Last night, designer and occasional golfing companion Ian Andrew invited myself, Globe and Mail golf columnist Lorne Rubenstein and Bob Weeks out for dinner to just sit around and talk about all things golf. Well, Weeks had to bail for a family commitment, but that didn’t mean we didn’t have a great time eating food and talking golf at a little hole-in-the-wall Yonge Street.
Though he’s my direct competitor at the Globe, I find Rubenstein to be a fascinating character. He’s 20 years old than me, old enough to have written to Ben Hogan about an interview and have received a letter of response back from the legend.
I’m not going into detail about our discussion — the first rule of Golf Night Out being what goes on at Golf Night Out stays at Golf Night Out — but some of the topics were fascinating and it is always interesting to hear stories from Lorne about those he has interviewed or worked with over the years.
One thing we did talk about was golf rating systems and how, in the end, they are all pretty much flawed. Magazines can have the best intentions, but in the end, all rating systems where the participants are treated differently or haven’t all seen the same courses, is going to have issues. And that’s pretty much every ratings system.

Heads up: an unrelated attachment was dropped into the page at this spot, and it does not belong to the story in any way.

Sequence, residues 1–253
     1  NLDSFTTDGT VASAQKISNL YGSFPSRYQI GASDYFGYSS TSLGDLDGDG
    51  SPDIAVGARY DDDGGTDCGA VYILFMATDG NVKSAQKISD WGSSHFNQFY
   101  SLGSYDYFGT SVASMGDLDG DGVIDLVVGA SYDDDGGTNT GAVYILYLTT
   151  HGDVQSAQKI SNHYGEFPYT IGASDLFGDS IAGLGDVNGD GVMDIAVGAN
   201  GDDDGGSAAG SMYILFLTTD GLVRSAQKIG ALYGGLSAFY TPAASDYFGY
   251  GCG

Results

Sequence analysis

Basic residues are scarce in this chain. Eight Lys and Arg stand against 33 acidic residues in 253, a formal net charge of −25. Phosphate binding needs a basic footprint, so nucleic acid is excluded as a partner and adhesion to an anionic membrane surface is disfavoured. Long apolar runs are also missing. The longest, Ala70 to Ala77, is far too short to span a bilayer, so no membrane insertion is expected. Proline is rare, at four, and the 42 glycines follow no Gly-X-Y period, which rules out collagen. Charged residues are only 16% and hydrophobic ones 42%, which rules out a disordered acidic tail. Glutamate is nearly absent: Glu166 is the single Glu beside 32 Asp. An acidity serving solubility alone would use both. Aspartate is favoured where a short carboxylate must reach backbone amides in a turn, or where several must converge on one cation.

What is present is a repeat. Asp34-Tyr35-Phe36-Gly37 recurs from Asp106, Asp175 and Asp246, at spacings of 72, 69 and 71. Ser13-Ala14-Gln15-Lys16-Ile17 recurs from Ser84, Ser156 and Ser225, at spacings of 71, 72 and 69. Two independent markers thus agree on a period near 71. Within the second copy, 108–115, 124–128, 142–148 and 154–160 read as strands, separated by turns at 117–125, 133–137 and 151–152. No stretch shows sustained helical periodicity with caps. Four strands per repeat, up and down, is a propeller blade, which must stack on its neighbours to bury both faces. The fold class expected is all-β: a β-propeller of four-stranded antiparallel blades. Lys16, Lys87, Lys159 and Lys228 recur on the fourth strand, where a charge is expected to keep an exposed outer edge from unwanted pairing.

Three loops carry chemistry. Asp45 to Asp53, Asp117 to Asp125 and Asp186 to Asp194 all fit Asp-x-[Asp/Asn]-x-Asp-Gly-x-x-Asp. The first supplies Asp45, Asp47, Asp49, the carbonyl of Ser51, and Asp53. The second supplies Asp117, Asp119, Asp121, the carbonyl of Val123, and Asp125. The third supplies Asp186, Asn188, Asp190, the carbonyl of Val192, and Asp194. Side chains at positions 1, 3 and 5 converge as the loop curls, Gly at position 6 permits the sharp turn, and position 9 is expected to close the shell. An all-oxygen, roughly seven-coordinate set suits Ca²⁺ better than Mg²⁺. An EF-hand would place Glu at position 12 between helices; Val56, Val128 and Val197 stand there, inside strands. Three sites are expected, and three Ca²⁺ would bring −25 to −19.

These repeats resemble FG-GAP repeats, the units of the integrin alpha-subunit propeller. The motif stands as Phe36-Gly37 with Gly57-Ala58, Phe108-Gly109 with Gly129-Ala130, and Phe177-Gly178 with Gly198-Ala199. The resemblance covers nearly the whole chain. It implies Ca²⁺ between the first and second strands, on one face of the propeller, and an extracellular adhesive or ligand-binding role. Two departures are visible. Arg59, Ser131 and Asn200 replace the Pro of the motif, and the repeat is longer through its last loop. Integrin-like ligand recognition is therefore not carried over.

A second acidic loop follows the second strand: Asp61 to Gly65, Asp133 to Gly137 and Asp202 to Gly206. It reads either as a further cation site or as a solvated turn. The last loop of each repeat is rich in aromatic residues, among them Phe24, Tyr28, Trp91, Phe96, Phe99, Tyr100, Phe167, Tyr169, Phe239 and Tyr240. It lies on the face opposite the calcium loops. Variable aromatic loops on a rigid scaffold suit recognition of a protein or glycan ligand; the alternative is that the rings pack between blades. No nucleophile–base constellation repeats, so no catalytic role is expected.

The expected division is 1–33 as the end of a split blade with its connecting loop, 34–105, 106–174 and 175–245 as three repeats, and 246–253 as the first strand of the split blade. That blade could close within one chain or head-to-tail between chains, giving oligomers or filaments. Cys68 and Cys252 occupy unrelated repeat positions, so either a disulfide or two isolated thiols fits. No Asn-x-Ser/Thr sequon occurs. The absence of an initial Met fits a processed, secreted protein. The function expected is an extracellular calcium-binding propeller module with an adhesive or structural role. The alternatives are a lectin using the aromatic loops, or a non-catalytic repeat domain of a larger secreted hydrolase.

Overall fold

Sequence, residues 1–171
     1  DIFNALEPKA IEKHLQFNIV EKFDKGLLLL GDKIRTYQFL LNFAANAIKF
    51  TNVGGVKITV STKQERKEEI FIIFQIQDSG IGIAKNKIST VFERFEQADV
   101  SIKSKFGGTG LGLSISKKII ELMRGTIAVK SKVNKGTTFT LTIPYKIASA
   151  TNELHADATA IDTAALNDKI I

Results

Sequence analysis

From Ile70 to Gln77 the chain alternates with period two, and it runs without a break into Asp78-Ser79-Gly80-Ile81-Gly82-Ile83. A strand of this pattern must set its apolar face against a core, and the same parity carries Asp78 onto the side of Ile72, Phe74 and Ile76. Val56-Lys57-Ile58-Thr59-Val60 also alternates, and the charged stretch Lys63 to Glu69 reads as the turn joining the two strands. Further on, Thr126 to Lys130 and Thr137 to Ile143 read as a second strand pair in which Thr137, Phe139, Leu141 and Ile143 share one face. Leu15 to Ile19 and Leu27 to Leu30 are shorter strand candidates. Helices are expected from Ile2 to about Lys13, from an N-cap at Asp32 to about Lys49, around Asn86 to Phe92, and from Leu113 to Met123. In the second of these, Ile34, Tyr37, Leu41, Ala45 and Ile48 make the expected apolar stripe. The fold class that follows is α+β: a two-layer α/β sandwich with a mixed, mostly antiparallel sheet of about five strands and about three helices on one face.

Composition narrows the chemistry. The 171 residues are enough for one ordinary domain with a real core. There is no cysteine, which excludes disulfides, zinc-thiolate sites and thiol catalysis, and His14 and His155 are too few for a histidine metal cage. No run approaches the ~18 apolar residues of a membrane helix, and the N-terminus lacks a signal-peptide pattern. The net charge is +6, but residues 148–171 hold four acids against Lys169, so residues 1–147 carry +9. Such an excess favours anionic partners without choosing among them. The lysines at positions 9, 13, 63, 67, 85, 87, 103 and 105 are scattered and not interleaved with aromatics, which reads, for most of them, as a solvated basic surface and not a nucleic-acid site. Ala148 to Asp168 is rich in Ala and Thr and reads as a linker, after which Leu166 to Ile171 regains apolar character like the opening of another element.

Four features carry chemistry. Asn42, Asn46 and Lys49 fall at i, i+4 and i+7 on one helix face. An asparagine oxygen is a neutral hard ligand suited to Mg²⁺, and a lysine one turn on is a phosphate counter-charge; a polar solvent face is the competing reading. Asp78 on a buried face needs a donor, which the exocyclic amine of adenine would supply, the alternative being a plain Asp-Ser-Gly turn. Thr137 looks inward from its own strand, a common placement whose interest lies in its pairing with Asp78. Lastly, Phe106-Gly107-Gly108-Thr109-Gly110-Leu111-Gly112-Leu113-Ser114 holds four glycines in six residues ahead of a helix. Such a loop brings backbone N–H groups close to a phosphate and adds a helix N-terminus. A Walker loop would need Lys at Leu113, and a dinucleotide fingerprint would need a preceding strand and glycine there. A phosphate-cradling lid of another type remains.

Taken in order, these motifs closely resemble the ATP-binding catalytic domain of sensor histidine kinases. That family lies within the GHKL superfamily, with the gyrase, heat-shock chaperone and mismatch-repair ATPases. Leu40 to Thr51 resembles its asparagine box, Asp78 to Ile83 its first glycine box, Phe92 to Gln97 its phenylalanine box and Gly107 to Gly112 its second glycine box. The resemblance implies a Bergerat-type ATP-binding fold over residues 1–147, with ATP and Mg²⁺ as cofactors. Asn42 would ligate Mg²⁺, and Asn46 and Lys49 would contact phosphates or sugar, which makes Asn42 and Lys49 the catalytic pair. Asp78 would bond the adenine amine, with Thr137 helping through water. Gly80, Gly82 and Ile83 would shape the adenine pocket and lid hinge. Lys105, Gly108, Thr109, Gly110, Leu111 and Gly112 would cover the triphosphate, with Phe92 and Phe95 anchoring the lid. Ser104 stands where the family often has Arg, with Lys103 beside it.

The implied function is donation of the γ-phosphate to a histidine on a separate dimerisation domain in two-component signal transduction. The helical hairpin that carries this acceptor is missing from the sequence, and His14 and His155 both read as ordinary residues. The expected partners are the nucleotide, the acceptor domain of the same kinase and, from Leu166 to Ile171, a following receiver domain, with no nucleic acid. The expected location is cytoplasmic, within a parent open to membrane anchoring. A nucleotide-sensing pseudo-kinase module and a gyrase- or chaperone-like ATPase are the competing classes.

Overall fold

That said, we all agreed that Maple Downs near Eagles Nest is one of those courses that has been unfairly overlooked in Canada.
Beyond that, we spoke about David Duval — both Lorne and I enjoyed interviewing him — the new course Angus Glen owner Gordon Stollery is building with Martin Ebert in Uxbridge, and the politics of blogging with Ian Andrew. After nearly a year of blogging, Ian’s site, The Caddy Shack, has captured a lot of attention from those interested in golf architecture. Some of that, unfortunately, has come from some of the clubs he’s worked at who aren’t always comfortable about being discussed on his site. That’s a shame because Ian largely is genuinely positive about the clubs he works with and some of them can certainly use the positive exposure. However, they are private clubs, and sometimes, well, they don’t like being seen in public.
At the end, as the clock clicked towards 11 and the three of us were the only ones in the room, I’m sure the staff were wondering the identity of the three guys sitting in the corner talking about “Baker-Finch,” some guy named Seve and the benefits of inclusion in a private club. I’m sure they thought we were planning some big heist, like in the Usual Suspects.
But we were really just talking golf and agreed to continue the conversation in the spring over a round at Devil’s Paintbrush, a course we were all very much in agreeance about.